Then there is the question of what governments will do. Many will opt for expansionary fiscal policies, if only to strengthen a possibly hesitant recovery. The US shows how this concern may play out. The Biden administration considers that the need to strongly raise public spending goes beyond the aim of strengthening the recovery. It wants to reduce inequalities, to fight against climate change or to develop industrial policies designed to meet the Chinese challenge in high technologies. The combination of highly expansionary fiscal policies and scarring effects could well lead to inflation rates not seen for decades.

None of these developments are certain, except for the expansion of public spending in the US, which might, or might not, be financed by higher taxes. To make things even less clear, the sluggish recovery scenario may come along with rising inflation if supply is slow to respond, while the red-hot scenario of a demand boom may not be strongly inflationary if firms use their own accumulated savings to invest in productivity-enhancing means of production.

The challenge of time inconsistency

The challenge for central banks is immense. In comparison, the Global Financial Crisis was simple. Central banks had to support demand by slashing interest rates and help stabilize the financial markets by injecting massive amounts of liquidity. To be sure, reversing these measures was delicate, but the problem was standard, with well-known precedents. This time around, forecasts are completely unreliable and there is no precedent. So far, central banks seem to follow the celebrated Brainard principle: faced with high uncertainty, central banks should move slowly. This is a reason why they keep promising their interest rates low-for-long and continuing QE. Yet, their prudence may be explained otherwise.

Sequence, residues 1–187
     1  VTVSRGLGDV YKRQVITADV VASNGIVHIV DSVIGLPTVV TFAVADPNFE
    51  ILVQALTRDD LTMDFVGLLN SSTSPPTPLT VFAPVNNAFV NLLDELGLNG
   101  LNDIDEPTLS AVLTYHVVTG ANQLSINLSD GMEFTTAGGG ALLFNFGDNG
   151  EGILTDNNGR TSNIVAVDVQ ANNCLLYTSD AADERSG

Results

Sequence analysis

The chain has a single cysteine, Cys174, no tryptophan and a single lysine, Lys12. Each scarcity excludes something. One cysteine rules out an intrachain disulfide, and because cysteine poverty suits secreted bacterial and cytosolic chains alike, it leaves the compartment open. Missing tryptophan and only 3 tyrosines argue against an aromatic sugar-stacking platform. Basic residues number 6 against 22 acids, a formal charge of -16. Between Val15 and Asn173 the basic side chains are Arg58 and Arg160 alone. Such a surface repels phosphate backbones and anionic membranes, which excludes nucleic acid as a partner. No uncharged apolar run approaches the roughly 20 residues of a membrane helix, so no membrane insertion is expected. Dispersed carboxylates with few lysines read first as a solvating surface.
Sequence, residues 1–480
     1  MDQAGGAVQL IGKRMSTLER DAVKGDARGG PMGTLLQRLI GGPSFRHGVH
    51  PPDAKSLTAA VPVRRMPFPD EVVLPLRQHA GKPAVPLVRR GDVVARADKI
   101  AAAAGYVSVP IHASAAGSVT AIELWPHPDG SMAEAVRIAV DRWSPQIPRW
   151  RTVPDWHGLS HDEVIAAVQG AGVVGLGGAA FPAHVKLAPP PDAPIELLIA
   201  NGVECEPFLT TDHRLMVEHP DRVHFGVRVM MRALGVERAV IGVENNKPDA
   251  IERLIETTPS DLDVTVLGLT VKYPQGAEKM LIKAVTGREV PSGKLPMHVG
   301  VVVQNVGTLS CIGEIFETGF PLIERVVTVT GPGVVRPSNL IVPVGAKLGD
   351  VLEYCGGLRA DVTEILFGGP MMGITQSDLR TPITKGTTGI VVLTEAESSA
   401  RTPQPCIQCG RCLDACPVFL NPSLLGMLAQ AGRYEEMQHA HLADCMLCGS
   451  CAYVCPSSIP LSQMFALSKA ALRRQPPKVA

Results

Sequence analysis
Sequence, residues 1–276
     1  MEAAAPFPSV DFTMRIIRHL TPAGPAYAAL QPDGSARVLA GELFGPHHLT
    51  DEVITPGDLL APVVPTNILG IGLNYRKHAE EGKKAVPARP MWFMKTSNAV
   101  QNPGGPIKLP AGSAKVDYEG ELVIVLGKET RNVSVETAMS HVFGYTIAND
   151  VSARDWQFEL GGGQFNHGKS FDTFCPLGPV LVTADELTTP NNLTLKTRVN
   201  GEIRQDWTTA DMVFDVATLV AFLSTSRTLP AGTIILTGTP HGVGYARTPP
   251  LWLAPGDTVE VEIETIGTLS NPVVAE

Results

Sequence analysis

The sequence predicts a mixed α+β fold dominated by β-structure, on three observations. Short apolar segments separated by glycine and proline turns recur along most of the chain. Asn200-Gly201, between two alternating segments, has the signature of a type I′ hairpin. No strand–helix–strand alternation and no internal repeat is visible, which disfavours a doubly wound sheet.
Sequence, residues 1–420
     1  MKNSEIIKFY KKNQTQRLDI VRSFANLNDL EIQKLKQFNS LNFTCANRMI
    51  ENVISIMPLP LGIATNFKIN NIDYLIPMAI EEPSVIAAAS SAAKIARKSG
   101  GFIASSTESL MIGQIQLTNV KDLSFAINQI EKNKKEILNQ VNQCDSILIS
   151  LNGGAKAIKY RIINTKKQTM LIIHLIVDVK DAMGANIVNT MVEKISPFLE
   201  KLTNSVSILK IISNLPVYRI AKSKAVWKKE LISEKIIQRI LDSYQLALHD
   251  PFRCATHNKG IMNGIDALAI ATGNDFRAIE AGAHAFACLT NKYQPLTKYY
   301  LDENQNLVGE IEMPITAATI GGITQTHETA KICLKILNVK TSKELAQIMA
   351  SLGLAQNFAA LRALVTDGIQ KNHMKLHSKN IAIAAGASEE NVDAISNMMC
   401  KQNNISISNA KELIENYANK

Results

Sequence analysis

They face another celebrated challenge: time inconsistency, which means that current promises, which make sense today, will not be upheld by future actions, because the situation will have changed, and they know it. For the next couple of years or so, their two key policy objectives are to ensure, at any rate not to harm, the nascent recovery and to avoid financial turmoil. Both objectives call for keeping interest rates low, including far along the yield curve, and for maintaining excess liquidity. This is what they do, but the unpleasant question is whether this stance will have to reversed, and if so when. Their promises of keeping the current stance unchanged assume that inflation will return to target after the current initial surge. The prevailing massive uncertainty, however, means that this assumption is fragile. The Brainard principle also calls for looking at various plausible inflation outcomes, not at a particular possible occurrence, a return to low inflation. If it is plausible that inflation will become entrenched at too high a level in, say, a year or two, the current stance is no longer adequate because it takes time for monetary policy to bring inflation down.